The Madman’s Daughter, by Megan Shepherd
First of all, The Madman’s Daughter was an impressive novel. Before I read this book, I would sometimes place this book on my to read shelf, and sometimes I’d take it off that shelf, because I was no longer that interested in reading it. That was because I wasn’t sure if I’d like it. In the end, I decided to give this book a try anyway, and I’m seriously glad I did, because this book is fantabulous.
The Madman’s Daughter has occasionally been classified as a horror novel, and rightly so (in my opinion at least). At certain moments, the book was extraordinarily creepy, horrific, and shocking… but in a good way. Not many writers are able to communicate the atmospheric feelings of their narrative that effectively, and at such a strong, constant rate. If those feelings that I gathered (i.e. creepy, horrific… etc.) were the general emotions that the book was intended to convey, then Ms Shepherd certainly tackled the emotional aspect of this book very skilfully.
Another thing I loved about this book were the characters. Like any person in the world, these characters had flaws and secrets. The flaws were excellently expressed, and they caused the characters to become very relatable. The flaws added great depth to the characters, and the knowledge that these characters had secrets were like the finishing touches- the icing on top of the cake. Some of these secrets were not too hard to guess though, and I suppose that disappointed me a little.
My favourite character was Juliet’s dad. It isn’t easy to portray a madman convincingly, but this madman was not only convincing, but one of the most interesting characters in the entire book. What made him such a convincing madman? His personality was abrupt, he had that air of madness around him, but most importantly, like all madmen, he thought that his mad experiments were for the greater good. The only thing that was annoying about him is his opinion about women- I mean seriously? Women can learn physiology too! But his opinion contributes to the setting, so I’m not going to complain about that too much. On top of that, he is terribly manipulative, as Juliet (finally) finds out… about two-thirds into the book. *Sigh*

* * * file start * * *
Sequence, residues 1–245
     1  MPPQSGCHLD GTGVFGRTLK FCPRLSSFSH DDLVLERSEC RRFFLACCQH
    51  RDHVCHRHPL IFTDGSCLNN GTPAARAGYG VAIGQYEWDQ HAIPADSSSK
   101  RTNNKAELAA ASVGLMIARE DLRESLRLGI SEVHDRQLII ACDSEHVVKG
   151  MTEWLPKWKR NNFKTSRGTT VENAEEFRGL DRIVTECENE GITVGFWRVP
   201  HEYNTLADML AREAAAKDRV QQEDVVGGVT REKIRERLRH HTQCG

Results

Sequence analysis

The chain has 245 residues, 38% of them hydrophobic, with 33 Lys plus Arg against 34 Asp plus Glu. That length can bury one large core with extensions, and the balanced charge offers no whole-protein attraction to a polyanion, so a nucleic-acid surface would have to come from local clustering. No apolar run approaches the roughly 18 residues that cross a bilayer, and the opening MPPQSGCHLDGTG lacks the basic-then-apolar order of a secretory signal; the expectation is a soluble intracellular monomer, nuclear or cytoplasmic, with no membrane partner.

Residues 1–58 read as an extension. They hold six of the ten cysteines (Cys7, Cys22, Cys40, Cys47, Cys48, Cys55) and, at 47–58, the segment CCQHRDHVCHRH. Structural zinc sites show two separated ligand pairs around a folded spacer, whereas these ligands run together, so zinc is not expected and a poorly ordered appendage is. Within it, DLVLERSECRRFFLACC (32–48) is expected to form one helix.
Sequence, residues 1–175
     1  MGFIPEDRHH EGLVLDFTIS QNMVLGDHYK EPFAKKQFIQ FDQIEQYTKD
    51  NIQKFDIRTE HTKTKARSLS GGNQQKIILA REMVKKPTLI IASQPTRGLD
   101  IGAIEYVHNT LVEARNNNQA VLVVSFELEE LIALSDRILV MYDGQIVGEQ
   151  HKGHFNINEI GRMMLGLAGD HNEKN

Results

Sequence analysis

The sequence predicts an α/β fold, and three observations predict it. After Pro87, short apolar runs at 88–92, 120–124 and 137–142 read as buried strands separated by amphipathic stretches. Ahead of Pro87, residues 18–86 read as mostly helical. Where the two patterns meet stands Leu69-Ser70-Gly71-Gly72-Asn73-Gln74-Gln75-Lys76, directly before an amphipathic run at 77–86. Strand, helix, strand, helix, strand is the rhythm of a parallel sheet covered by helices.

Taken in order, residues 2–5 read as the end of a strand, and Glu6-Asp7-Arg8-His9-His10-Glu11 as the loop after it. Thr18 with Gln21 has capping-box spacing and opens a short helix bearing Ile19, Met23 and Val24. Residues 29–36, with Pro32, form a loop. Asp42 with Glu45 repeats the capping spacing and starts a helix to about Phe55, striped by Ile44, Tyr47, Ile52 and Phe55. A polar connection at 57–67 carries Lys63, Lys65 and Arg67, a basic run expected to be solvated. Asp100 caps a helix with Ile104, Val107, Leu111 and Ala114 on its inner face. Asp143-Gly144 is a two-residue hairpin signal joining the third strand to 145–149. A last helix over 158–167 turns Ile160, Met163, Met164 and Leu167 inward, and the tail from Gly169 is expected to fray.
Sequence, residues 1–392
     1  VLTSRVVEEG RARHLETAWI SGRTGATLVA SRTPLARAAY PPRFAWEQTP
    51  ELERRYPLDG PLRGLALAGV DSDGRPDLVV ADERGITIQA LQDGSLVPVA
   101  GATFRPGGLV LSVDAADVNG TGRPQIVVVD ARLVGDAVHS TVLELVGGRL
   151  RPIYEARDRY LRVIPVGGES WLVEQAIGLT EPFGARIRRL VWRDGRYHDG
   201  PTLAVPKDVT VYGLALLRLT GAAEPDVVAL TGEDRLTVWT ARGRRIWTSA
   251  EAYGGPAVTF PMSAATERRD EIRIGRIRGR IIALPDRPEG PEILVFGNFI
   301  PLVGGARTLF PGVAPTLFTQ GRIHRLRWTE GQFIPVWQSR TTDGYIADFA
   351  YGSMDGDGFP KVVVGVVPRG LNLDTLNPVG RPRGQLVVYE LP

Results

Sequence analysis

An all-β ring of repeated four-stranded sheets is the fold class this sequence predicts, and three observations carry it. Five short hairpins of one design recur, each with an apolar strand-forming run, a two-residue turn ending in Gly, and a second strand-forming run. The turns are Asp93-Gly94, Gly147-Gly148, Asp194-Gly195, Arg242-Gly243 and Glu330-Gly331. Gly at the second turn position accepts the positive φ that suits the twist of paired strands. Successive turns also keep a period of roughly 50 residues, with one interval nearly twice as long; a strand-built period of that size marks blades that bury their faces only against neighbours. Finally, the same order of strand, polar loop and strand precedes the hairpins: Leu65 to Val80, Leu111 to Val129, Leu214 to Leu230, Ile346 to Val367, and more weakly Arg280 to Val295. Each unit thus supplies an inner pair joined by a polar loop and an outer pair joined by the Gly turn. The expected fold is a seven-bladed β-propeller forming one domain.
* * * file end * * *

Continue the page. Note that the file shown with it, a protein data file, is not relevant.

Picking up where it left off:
“For a breath, the world seemed to freeze. And then the clouds rolled again, the wind howled again. I realized that he had charmed me, just like he charmed everyone. I’d thought I was so clever. I thought I could see past his manipulations. But I’d heard only what I wanted to.
He’d never said the accusations were untrue. Just unfair.”
As for my least favourite character… if you guessed Juliet, you are close. Edward is my least favourite character. I mean, Juliet isn’t all that bad. She’s very intelligent, and is able to stand her ground in a hyperbolically patriarchal society. But it takes Juliet… ah… a rather long time to catch on to certain peculiarities. For example, Edward’s weird attraction to her. I could already what Edward was a few chapters after they meet, but Juliet only figured it out sometime near the ending of the book.
Don’t even get me started on that “love triangle”. The romance in this book literally consisted of Edward’s “insta-love” for Juliet, Juliet’s “I feel this attraction for Montgomery, but I like Edward too- oh no!”, and Montgomery’s “I love thee, Juliet, but I am a bad man”. Montgomery’s love for Juliet wasn’t deeply expressed enough. His anguish at having done vivisection didn’t feel real.
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The book could do without the romance in my opinion.
I didn’t give this book such a high rating, because it didn’t have that “BANG” effect. Even though the book kept me reading, it was quite predictable. The first setting- London wasn’t elaborated upon or described thoroughly. Characters like Balthazar and Alice really boosted the story though. Fantastic read, I’d really recommend this to readers who love books that explore dark themes with a tinge of horror.
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